Long Lived the King
I have always liked Daredevil but it was never a must-buy for me. The introduction of Kevin Smith (a filmmaker I’ve enjoyed since his first film Clerks) as writer for the revamped series made it one. Reading a few of the early Brian Michael Bendis issues, which followed Smith’s run, I wasn’t impressed. Not that I didn’t enjoy the story; I did when something actually occurred.
And that was the problem. It took too many issues (14 at $2.99 a pop) to get a complete story. Now, I very much enjoy Bendis’ work on Ultimate Spider-Man, but I wait until they are compiled in the great oversized hardcovers that Marvel puts out. I also enjoyed Bendis’ Alias series, and I picked up all the individual issues that were released. So why didn’t I enjoy the beginning of his Daredevil run?
The first story arc took way too long. You introduce a new bad-ass Mr. Silke, a cocky wannabe gangster who seems to have grown up watching Scarface, Godfather and Reservoir Dogs. Then you kill off the Kingpin, and the Owl takes his space. The main point of the story, to out Daredevil’s secret identity Matt Murdock, is a great idea. But when it all goes down, it doesn’t amount to anything. It goes on for 14 issues with Elektra and Bullseye making appearances, Matt and Foggy have discussions about the impact of having Matt being outed and it looks like there may be some interesting things developing, but nothing happens! It’s a well-told and interesting story, but like Foggy says “who doesn’t know that you are Daredevil?”
And I’m sorry, you stab Kingpin? It’s a great Shakespearen allusion, but if you want to be an up-and-comer in the Kingpin’s world, you shoot him in the head or take out his heart. The man has been the head of crime for a long, long time. You make damn sure that he’s dead and there’s no chance of him coming back.
This is not to put down the crackling dialogue by Bendis. He creates characters through dialogue and not action. But, it’s not Alias. I want action in Daredevil! The artwork by Alex Maleev is fitting for blurring the line between the world of truth and the world of secrets. Maleev’s artwork on later storylines shows the latent talent that at first glance seems derivative.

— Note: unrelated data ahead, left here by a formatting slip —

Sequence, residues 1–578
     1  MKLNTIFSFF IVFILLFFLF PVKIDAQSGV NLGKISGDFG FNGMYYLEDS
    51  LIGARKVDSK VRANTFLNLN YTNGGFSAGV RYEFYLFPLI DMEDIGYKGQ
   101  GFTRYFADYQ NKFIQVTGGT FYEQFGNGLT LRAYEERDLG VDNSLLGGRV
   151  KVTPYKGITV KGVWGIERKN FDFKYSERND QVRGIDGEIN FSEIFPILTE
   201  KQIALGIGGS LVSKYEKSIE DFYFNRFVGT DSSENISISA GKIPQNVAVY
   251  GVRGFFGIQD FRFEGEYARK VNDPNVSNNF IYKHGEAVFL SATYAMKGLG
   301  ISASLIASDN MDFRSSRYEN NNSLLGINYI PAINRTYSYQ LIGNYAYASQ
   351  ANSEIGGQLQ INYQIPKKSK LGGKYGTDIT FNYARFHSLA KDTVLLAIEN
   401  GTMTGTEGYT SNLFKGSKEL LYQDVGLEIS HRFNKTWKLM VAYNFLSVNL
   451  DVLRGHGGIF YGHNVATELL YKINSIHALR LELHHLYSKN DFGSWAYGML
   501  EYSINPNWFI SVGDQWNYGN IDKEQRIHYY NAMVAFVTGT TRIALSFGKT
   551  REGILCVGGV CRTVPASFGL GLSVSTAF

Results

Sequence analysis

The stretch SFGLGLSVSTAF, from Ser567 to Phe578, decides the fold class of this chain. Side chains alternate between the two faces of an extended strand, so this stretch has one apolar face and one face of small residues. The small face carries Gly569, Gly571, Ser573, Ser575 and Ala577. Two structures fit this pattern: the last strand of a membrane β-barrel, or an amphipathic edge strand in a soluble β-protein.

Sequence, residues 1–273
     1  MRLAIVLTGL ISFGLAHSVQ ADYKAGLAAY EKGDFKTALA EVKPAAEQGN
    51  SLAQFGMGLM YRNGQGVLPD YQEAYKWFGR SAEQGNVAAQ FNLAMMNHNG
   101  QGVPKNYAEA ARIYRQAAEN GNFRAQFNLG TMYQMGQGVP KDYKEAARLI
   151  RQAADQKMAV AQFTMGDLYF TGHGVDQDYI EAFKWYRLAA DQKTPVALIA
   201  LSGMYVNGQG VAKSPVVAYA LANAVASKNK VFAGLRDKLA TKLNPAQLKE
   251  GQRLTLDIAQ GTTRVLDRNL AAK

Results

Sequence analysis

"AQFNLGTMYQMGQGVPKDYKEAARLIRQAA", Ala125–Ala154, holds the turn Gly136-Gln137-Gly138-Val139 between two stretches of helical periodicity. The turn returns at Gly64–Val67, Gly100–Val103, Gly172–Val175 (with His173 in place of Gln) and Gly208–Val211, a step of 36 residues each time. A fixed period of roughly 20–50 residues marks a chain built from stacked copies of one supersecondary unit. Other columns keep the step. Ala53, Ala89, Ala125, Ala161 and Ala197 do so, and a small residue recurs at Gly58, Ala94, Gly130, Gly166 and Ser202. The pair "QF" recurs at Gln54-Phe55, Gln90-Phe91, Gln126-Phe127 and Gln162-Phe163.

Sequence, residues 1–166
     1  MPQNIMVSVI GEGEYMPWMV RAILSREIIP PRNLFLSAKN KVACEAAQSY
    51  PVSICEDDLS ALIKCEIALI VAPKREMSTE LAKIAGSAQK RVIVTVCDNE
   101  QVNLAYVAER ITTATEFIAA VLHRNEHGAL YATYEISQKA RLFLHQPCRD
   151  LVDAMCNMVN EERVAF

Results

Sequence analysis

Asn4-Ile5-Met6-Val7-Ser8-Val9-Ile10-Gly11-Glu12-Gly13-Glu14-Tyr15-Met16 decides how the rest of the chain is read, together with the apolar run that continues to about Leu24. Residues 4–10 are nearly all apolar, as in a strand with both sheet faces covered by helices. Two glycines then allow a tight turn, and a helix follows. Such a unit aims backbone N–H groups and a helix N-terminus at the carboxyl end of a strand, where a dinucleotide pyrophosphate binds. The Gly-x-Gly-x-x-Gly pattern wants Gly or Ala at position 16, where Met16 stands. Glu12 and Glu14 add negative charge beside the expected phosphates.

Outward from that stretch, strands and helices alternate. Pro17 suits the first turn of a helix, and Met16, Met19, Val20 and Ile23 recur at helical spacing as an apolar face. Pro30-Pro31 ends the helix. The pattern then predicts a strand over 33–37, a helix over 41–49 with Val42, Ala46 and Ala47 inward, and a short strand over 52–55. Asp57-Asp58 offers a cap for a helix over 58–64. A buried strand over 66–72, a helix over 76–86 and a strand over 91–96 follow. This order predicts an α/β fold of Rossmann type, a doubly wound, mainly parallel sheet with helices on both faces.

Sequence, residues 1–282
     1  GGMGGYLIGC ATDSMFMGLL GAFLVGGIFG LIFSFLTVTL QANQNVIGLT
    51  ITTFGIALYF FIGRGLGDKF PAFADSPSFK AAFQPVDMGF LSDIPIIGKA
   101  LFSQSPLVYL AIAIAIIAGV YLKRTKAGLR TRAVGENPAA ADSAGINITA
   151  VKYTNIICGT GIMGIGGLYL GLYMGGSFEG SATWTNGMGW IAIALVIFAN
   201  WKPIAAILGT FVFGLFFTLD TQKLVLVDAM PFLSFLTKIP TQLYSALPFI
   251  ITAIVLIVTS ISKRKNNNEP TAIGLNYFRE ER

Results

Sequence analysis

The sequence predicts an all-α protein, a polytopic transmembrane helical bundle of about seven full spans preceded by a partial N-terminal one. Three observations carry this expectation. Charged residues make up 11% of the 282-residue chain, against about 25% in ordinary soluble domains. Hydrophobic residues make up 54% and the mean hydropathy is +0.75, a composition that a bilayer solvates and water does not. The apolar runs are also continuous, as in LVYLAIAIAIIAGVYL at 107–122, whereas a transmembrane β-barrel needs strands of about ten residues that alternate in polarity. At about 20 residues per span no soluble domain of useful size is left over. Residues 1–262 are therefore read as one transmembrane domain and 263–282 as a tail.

The next storyline “Lowlife” (Issues 40-45) introduces Milla, a blind woman set-up as the new love in Matt’s life. It’s not the first relationship problem in his life. She knows his real identity, knows that he is a superhero. But Matt must continue the lie to everyone else in the world. How is she to trust him when he is a lawyer that lies to the courts and everyone else every day?
“Hardcore” (Issues 46-50) re-introduces Typhoid Mary and features a “classic” fight scene drawn by a series of guest artists (Including Gene Colon, Lee Weeks, Klaus Janson, John Romita Sr., Al Milgrom, Joe Quesada and more). The underlying message of all the classic illustrations from years past is that “this is this the way it is and may always be…if you believe your heroes can’t kill”. Our comic heroes are supposed to be above criminals and not kill, but when the bad guys continue to rape, kill and maim, what other solution is there? Our real-life heroes, like police and the military, are praised for doing what they have to do, which many times means killing the enemy. It’s not the best solution all the time, but when you have someone who will not stop their inappropriate behavior, sometimes permanent methods need to be addressed, an issue which Bendis’ climactic battle between Daredevil and the Kingpin teases, with the potential that a big change in the status quo for one Marvel hero is in the works.
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